[0029] In the simplest case, the measured quantity can be the alternating value, that is in the radio signal the modulation itself. Depending on the measured quantity, the converter then converts the ambient energy to the alternating value so that the measured quantity can be measured via the modulation of the reflector.

[0030] Alternatively or additionally, the alternating value can also be influenced by the measured quantity or a further measured quantity in a characteristic way in a somewhat more complicated embodiment of the principle. For this purpose the tire measuring device has means of influencing the alternating value as a function of a measured quantity so that the measured quantity can be measured via the modulation of the reflector. These means, particularly, are arranged in or on a feed line that feeds the alternating value to the reflector. Suitable means, for example, are state-specific passive filters or attenuators or state-specific energy converters that influence or specify the alternating signal and, with that, the modulation as a function of the measured quantity in a characteristic way.

[0031] The energy for modulating the backscatter for a sensory purpose is obtained from the energy of the measured quantity or from energy events that go along with changes to the measured quantity and, therefore, forms a self-sufficient remote radio sensor that can be read out. In principle, the transmitting and receiving part of the base station and the signals used can be designed identically to the normal backscatter systems.

[0032] The tire measuring device can be implemented particularly easily and robustly as a completely ceramic element. To this end, the tire measuring device has a piezoelectric ceramic layer as the energy converter, a ceramic layer with a controllable dielectric arranged on it and a ceramic antenna arranged on the layer with a controllable dielectric via an antennae carrier layer.

[0033] A method according to the invention is obtained in the same way as the tire measuring device. This also applies to its preferred further developments.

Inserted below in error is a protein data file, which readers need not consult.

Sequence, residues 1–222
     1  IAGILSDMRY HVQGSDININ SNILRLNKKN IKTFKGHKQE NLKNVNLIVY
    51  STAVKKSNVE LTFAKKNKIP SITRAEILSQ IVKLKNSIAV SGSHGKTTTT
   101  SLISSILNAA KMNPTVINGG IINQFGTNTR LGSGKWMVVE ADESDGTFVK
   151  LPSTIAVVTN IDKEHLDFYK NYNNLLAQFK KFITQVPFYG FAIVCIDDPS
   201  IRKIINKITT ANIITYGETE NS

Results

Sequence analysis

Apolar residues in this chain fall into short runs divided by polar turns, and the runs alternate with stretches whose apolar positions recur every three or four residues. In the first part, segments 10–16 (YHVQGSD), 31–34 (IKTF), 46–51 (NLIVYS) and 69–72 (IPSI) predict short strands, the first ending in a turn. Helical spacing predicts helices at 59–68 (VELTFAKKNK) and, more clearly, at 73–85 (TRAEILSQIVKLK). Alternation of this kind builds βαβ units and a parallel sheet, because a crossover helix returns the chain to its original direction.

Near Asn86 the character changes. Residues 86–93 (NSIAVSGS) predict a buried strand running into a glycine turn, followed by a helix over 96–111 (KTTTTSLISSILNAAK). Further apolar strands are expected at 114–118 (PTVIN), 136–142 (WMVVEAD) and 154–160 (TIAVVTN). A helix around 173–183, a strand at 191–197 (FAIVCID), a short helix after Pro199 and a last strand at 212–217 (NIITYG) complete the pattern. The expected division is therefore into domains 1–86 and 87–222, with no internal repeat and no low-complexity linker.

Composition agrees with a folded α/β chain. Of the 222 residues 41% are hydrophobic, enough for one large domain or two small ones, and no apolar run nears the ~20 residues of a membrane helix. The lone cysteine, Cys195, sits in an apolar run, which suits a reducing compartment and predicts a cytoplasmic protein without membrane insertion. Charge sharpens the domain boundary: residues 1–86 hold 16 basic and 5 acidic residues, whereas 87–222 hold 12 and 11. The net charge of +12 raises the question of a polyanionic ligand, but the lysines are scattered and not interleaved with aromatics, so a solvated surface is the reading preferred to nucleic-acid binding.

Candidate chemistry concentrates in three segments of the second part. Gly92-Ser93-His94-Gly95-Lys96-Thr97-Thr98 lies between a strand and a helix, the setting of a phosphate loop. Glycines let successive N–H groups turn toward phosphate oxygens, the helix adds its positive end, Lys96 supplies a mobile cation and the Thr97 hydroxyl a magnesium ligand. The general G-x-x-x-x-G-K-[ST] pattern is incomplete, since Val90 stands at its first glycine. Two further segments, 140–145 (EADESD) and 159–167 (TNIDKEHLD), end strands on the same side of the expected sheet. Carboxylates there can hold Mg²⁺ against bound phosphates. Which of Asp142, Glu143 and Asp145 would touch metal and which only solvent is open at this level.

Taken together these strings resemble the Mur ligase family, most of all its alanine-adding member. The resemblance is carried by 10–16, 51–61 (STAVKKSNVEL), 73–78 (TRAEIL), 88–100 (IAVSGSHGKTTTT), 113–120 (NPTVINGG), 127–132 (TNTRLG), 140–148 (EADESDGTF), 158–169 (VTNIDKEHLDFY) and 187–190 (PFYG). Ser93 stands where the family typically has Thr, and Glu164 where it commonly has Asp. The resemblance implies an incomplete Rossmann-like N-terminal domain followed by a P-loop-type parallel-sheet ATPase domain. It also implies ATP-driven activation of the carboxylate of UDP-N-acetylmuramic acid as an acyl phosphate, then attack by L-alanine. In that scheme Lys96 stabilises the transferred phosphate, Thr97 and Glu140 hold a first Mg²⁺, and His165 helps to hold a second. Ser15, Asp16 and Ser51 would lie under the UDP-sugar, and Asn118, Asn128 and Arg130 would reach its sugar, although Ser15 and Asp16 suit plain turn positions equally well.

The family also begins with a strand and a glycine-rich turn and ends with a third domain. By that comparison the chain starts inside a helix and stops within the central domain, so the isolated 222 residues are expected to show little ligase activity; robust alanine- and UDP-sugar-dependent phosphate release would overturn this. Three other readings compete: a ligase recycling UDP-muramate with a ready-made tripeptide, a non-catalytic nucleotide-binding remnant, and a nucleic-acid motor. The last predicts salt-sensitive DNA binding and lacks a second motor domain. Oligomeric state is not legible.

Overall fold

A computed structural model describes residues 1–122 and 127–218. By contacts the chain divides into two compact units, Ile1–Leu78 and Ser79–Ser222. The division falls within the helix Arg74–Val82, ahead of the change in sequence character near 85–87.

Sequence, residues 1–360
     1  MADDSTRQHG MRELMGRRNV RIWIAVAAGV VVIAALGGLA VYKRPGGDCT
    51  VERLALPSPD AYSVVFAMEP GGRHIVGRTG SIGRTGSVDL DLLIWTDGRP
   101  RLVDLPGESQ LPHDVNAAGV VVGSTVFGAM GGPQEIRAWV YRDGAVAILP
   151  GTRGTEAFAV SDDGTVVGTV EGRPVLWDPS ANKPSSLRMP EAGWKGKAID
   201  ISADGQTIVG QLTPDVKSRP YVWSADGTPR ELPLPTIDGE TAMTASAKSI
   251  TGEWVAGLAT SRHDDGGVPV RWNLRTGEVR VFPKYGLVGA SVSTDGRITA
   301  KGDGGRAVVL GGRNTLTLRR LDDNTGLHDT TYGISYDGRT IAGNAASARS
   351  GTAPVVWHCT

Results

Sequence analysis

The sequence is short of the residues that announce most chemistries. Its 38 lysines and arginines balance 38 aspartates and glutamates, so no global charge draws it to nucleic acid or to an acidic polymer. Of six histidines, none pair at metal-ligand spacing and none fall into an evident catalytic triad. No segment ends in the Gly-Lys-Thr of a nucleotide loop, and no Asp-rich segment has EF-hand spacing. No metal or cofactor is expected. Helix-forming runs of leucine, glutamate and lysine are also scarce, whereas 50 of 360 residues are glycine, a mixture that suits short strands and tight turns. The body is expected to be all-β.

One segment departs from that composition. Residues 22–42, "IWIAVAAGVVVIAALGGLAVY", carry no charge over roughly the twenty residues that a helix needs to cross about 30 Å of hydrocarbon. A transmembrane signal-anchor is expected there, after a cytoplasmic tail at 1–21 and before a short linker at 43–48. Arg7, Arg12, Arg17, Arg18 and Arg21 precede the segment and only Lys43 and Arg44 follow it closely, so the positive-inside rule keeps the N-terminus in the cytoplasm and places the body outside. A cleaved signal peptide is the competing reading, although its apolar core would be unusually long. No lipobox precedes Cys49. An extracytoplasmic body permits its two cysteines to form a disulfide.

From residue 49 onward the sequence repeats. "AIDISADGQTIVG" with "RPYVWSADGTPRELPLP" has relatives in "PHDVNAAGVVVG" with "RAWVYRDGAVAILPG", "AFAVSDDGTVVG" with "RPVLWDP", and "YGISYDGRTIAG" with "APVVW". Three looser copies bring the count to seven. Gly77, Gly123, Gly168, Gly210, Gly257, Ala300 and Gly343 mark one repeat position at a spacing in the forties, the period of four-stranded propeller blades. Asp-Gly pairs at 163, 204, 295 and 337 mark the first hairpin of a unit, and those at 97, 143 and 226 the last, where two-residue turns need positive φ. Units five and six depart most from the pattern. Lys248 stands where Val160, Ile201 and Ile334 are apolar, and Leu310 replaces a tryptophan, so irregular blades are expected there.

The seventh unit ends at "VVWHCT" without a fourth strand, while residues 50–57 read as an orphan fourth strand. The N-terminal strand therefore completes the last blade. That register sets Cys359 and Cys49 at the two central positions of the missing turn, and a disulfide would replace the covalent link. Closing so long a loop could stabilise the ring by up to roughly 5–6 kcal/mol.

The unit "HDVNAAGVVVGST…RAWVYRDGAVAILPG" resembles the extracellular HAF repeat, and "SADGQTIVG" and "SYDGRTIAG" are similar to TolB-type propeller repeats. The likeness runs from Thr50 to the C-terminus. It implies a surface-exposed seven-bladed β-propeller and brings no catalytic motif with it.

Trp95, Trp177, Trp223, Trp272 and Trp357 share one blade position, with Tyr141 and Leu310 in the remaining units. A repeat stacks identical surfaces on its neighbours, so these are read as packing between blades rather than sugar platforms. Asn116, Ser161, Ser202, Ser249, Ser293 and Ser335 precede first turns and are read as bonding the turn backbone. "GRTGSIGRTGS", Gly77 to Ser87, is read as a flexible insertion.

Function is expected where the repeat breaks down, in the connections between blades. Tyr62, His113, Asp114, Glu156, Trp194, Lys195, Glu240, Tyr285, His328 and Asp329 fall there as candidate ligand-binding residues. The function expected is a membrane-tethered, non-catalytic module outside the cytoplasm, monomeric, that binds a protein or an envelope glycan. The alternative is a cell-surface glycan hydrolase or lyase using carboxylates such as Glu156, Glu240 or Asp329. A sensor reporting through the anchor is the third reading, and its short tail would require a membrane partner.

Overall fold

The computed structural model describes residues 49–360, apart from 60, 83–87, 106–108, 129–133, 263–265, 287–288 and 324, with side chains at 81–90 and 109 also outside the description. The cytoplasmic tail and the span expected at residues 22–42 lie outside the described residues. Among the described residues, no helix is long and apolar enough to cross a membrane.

BRIEF DESCRIPTION OF THE DRAWINGS

[0034] Further important advantages and features of the invention will emerge from the description which follows of an embodiment and the accompanying drawings. The diagrams show:

[0035]FIG. 1 the basic structure of a modulated backscatter transponder self-sufficient in terms of energy and a remotely-interrogatable radio sensor self-sufficient in terms of energy,

[0036]FIG. 2 a possible embodiment of a modulated backscatter transponder self-sufficient in terms of energy as a remotely interrogatable structure-borne sound sensor self-sufficient in terms of energy,

[0037]FIG. 3 a possible embodiment of a modulated backscatter transponder self-sufficient in terms of energy as a temperature sensor,

[0038]FIG. 4 an embodiment with two paths,

[0039]FIG. 5 a tire and a tire measuring device,

[0040]FIG. 6 a rim and a tire measuring device,

[0041]FIG. 7 a complete ceramic tire measuring device,

[0042]FIG. 8 a tire measuring device with a piezoelectric fiber as the converter,

[0043]FIG. 9 a tire measuring device with a piezoelectric fiber as the converter that is fitted on or in a tire cover and

[0044]FIG. 10 a complete ceramic tire measuring device with piezofibers.

DETAILED DESCRIPTION OF THE PREFERRED EMBODIMENTS

[0045]FIG. 1 shows the basic structure of the modulated backscatter transponder self-sufficient in terms of energy and a remotely-interrogatable radio sensor self-sufficient in terms of energy. The modulated backscatter transponder self-sufficient in terms of energy EAMBT includes at least the following components. The energy converter EW converts the available ambient energy in the form of an energy alternating value to an electrical alternating value or an alternating signal WSig.